Saturday, November 21, 2015

How far have you stretched this month?

There are weeks and months when it feels we are called to stretch our consciousness to extremes. We encounter fear and sadness and excitement and laughter all within a short walk of each other. In the back of our minds, all the regular concerns about work and family and life keep running.

The statue of Jesus as a homeless person outside Regis College

Waiting for Santa Claus to come
I took these pictures last Sunday morning. They ended up being thematic. All day inside the training we encountered the same strange mixture of excitement and connection and old grief and new confusion. It's the nature of the work that people find they are ready to deal with stuff they have left just outside their awareness while they got on with their lives.

Life is this crazy mixture and we either stretch to reach all of it or shut ourselves off from information that we could use to make better choices. If you ignored all the world's crises this week because they are overwhelming and discouraging, you might be making the best choice you can with the resources you have. Yet you know that some part of you is tracking the news and incorporating it into your expectations of the world. This is how priming works. If advertising can get into your head, then tragedy can also find its way to your edges. And so can families playing street hockey while they wait for Santa to arrive.

At the gym, you might stretch out to prevent injury. But if you over-stretch, you'll cause injury instead. When you know that life is pulling your attention in radically different directions, you are stretching. To avoid over stretching, you need to pay attention and you need to create small parts of your day when you simply shut down and notice what you are feeling. 

Your social media feed will urge you to respond to everything - now! The media will provide an endless stream of information that is out of your control without being outside your awareness. You can try to outrun information, but it's hard to outrun the part of you that's noticing. You can try to stretch to understand it all, but the differences are so wide. You'll be in danger of over-stretching.

Or you can just notice that you are not immune and you are not in control of anything except the choices you make. You can choose to stretch and then rest, knowing that the rest is as important to developing your potential as the stretch is. It's not so much the middle way as the moment of stillness while you choose a new direction, the moment when all is possible and no stretch is required.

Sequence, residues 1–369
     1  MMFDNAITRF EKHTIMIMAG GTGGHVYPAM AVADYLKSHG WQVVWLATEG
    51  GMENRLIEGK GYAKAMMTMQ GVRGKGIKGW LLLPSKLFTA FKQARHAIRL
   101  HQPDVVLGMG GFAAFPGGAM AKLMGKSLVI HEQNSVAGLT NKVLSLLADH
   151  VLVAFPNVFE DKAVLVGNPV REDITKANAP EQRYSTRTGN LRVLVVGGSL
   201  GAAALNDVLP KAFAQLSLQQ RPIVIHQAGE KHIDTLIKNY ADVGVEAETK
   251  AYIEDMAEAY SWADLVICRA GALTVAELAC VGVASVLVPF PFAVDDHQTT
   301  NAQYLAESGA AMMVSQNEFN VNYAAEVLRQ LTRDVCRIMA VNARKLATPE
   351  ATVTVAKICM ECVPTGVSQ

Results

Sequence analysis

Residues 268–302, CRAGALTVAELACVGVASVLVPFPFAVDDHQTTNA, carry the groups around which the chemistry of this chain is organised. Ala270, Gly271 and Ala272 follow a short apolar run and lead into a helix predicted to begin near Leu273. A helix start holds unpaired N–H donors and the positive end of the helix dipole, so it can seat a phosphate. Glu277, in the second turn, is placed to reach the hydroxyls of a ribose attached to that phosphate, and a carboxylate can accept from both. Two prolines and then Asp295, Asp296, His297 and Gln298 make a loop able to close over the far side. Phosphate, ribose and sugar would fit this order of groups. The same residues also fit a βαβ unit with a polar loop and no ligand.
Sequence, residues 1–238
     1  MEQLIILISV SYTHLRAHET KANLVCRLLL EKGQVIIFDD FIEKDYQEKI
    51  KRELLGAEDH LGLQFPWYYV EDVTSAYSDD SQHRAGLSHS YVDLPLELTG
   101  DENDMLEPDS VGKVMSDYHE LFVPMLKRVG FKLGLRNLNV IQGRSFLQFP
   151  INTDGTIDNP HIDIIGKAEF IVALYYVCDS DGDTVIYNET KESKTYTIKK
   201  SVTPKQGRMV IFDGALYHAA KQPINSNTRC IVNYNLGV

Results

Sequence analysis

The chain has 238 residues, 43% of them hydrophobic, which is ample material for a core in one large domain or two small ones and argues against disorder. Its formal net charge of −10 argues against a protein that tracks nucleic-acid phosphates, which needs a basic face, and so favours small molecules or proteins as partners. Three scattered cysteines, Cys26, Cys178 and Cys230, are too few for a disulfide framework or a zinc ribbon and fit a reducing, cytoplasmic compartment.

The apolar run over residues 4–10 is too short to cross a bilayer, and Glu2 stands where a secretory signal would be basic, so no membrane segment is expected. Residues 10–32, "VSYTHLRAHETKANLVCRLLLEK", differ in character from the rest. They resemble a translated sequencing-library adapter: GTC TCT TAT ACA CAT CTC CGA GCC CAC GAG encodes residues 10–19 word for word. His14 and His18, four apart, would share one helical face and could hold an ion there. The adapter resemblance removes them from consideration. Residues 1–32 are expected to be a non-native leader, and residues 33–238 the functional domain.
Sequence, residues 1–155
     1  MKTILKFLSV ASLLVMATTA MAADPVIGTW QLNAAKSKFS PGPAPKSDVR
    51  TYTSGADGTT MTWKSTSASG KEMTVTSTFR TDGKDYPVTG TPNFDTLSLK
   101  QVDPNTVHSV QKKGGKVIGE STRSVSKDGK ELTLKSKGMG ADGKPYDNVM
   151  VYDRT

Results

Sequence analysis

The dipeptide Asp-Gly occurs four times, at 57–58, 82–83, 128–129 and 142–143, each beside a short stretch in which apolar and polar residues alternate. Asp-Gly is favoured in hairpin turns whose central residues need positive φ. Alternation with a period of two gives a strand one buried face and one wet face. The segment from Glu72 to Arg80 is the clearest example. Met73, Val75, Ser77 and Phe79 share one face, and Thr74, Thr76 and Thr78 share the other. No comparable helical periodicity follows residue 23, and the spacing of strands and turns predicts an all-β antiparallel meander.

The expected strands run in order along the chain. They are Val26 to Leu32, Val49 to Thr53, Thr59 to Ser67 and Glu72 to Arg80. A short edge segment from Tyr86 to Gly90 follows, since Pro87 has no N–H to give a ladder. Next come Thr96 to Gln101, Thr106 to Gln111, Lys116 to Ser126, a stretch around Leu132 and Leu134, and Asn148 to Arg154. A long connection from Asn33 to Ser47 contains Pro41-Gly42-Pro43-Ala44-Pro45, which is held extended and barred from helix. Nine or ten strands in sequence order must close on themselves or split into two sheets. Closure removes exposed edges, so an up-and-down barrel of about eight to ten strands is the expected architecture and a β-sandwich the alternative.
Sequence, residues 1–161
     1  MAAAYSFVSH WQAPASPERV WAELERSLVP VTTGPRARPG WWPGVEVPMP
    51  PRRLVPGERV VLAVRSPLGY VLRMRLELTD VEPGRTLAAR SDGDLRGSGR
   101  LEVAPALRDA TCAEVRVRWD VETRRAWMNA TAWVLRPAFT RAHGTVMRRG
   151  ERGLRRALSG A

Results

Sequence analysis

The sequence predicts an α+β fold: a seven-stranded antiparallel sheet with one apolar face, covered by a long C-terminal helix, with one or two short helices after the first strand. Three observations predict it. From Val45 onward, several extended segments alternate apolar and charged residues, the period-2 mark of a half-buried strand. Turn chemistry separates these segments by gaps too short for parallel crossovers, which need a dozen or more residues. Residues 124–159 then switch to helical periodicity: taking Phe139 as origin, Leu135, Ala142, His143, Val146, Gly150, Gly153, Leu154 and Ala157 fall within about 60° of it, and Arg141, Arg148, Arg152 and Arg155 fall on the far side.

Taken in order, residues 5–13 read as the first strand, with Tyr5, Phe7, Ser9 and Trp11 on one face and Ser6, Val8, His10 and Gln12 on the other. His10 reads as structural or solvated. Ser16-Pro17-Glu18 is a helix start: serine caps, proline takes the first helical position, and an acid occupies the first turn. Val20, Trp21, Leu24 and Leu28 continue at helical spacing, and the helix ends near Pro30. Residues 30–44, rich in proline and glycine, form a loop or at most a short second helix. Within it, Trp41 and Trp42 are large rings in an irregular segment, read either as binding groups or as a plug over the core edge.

Tuesday, October 20, 2015

Engaging the monkeys in a conference room

Carole Luft opens Leading Words

On Saturday, we held an unusual conference. Although it began much as every conference begins (with a welcome from a podium), there had been an unusual amount of hugging as people found their seats. Scattered around the tables were monkeys–monkey cutouts, monkey stickers, monkeys sitting in the fancy chair at the front. Everywhere were reminders of what the Buddhists call Monkey Mind. And our goal for the day was to get the monkeys to focus, engage, and show their most loving, cooperative, and ingenious selves.

What do you think of when you think about monkeys? Do you imagine playing, shrieking, mischief or cuddles? Do you think of mindless activity or of a sudden, focused interest in a puzzle to be solved? All of these are typical of monkeys. All of these are typical of the monkeys in your mind–the troop of ideas, emotions, biases, memories, and hopes that are in perpetual motion as you try to focus, to think, to make decisions.

What would you do to control a troop of monkeys? Do you imagine that threats would be effective? Probably not.  Instead of force, you would want to engage the monkeys, to make them want to play nicely together. I have never been alone in a room full of monkeys. But I have been in a room full of dozens of small children. And I watched them gather, and still, and focus and cooperate because I had something they wanted. I had a story.

The next time you stand at a podium, ask yourself: what will engage the monkeys in the minds here? If you feed only the logical monkeys, what will the other monkeys do? You've seen experiments where only some of the monkeys get fed. That never leads to focus: it is more likely to lead to chaos. It's important to feed all the monkeys: the ones that feast on numbers and logic and the ones that feast on social connection, on purpose and on play.

Wednesday, October 07, 2015

Is time management really energy management?

Do you have enough energy for what you want to do?

So many people are busy managing their time, and yet they can do nothing to change the number of hours in a day or days in a week. The calendar programs and expert tips all talk as though 5 minutes were always 5 minutes. And yet, you have experienced 5 minutes as an eternity and 5 minutes as a heart beat. In NLP, we would say that your state determines how much time 5 minutes contains.

When people complain they don't have enough time, I wonder if they are really saying that they don't have enough energy. It's a much different question and harder to solve with an app. It would mean that instead of auditing how productively you spend your time, you would need to understand your personal economics of energy.